The analysis was released ahead of Total’s annual shareholder meeting to pressure investors and executives to better protect the environment and public health, per the report. Bhandari said it’s hypocritical for Total to cause harmful health effects to Arlington residents while the company is banned by French law from fracking on its own soil.

Leslie Garvis, a spokeswoman for Total and TEEP Barnett, said the company has been responsive to calls from Arlington’s gas well inspectors and conducts voluntary surveys to monitor for emissions. The specialized FLIR cameras used by Liveable Arlington do not quantify emissions or analyze them for their contents, Garvis said.

“We do not have free reign to do whatever we want. We aggressively monitor our sites for emissions and fix leaks as they are found,” Garvis said. “I would also like to point out that science is presented, but science isn’t always apples to apples.”

Garvis said some of the footage showed emissions that were not from Total gas drilling sites, but compressor stations where natural gas is compressed by motors or engines. Bhandari maintains that the emissions are Total’s responsibility.

During the afternoon council meeting, Richard Gertson, the city’s assistant director of planning and development services, said city staff submitted Liveable Arlington’s findings to the Texas Commission on Environmental Quality. While Arlington employs a gas well inspector to keep sites in compliance with city ordinances, the state environmental commission is charged with enforcing laws related to emissions.

Mauricio Galante, who was elected to council in May, said he spent days visiting a Total drill site and studying the proposal. He wants emissions data that comes from an independent source.

“To me, monitoring the air and using FLIR cameras, they are great. But it’s just one more tool to get the facts,” Galante said. “It’s very important that those numbers, those videos and those facts, they are third-party. They are not from Total. They are not from the environmentalists.”

Phil Kabakoff has lived in his west Arlington home for 43 years. Between October 2023 and February 2024, TotalEnergies drilled new gas wells at a site just over 600 feet from his backyard. Kabakoff says the ongoing noise is not worth the $92 royalty check he received.
Haley Samsel
Fort Worth Report)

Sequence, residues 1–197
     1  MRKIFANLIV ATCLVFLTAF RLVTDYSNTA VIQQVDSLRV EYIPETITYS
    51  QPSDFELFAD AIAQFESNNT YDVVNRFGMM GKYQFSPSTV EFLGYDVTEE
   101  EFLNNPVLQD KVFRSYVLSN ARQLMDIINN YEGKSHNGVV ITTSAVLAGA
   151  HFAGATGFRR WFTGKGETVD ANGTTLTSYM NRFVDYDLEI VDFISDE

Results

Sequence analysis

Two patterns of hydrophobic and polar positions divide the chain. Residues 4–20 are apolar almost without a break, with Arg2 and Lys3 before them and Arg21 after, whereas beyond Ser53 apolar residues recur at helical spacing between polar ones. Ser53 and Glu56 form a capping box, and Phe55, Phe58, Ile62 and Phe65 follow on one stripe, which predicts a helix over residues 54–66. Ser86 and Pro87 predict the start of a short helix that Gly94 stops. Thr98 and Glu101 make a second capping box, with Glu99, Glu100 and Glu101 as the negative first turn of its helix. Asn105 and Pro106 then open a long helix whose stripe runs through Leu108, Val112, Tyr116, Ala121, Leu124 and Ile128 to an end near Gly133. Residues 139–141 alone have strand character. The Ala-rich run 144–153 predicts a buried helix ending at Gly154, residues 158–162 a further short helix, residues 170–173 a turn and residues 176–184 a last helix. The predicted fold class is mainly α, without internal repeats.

Phil Kabakoff has lived in his west Arlington home for 43 years. Between October 2023 and February 2024, TotalEnergies drilled new gas wells at a site just over 600 feet from his backyard. Kabakoff says the ongoing noise is not worth the $92 royalty check he received.

Activists say Arlington not following its gas well ordinance

In addition to her concerns over natural gas pollution, Bhandari also said the city violated its own ordinances by amending Total’s drill zone as part of the May 28 vote.

Originally, Total proposed a drill zone that included an older gas well within 600 feet of a home, which is considered a “protected use” by Arlington ordinance. Any drill zone within 600 feet of a protected use must earn a supermajority vote, or seven votes, to move forward.

However, council members decided to modify the size and shape of the drill zone to exclude the existing well within 600 feet of the home. Thanks to that change, Total’s application could be approved with a simple majority of five votes.

Council member Rebecca Boxall advocated for the modifications Tuesday, arguing that her intent was not to circumvent the supermajority vote. She wants to create smaller drill zones and free up more land for development rather than that land sitting inside a dormant drill site, Boxall said.

“When I hear these complaints that we’re not doing anything and we’re just deferring it; no, we are acting and we are doing things that we are allowed to do,” Boxall told residents at the council meeting. “These are areas that we have influence on, and we are exercising that influence. You’re seeing it happen.”

Bhandari, whose organization sued city officials over a similar move last year, said these changes go against Arlington’s ordinance.

“You can take (the well) out of the drawing, but it’s still in the ground, and it still pollutes, so I don’t understand that as a solution to the concern about pollution,” Bhandari said.

She added that she didn’t understand Ross’ response to health and air quality concerns raised by speakers like herself.

“The important thing is, we are all residents,” Bhandari said. “We have lived through this fracking boom. We are living through a second fracking boom. And, as an environmental organization, I actually see the concerns and the issues. What I want to say is there’s a real genuineness to it, and I don’t know how stating some of these concerns was offensive.”

Kailey Broussard is KERA’s Arlington accountability reporter. You can email Kailey Broussard at or follow them on Twitter @KaileyBroussard.

This story was produced in partnership with Haley Samsel, environmental reporter for the Fort Worth Report. You can reach them at

Kailey Broussard covers Arlington for KERA News and The Arlington Report. Broussard has covered Arlington since 2020 and began at the Fort Worth Star-Telegram before joining the station in 2021.